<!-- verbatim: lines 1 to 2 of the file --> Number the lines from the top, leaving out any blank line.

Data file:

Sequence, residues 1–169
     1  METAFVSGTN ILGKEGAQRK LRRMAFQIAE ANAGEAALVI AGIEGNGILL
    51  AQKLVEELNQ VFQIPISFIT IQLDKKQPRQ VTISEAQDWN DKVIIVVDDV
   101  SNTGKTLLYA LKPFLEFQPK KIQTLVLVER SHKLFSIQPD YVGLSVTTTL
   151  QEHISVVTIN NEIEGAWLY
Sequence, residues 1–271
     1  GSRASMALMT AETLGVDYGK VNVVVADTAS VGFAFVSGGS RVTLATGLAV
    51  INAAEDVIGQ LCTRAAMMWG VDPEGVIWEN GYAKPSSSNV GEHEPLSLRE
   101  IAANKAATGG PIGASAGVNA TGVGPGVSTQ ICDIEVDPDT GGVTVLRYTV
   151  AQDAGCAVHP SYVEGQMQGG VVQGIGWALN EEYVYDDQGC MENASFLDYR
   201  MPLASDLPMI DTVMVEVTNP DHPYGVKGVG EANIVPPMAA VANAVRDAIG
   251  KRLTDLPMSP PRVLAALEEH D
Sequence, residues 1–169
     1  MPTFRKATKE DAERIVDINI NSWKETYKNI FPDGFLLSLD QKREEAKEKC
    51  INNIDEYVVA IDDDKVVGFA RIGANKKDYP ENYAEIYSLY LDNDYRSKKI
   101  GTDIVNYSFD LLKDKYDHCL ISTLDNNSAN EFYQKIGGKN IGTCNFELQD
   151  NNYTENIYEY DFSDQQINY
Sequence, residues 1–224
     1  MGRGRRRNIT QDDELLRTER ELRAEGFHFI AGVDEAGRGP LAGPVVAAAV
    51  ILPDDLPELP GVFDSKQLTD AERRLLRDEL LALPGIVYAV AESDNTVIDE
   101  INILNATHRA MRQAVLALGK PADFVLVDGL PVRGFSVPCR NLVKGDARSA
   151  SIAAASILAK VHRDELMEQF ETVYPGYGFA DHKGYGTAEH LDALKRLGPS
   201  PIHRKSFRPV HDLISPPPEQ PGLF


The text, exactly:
Sequence, residues 1–169
     1  METAFVSGTN ILGKEGAQRK LRRMAFQIAE ANAGEAALVI AGIEGNGILL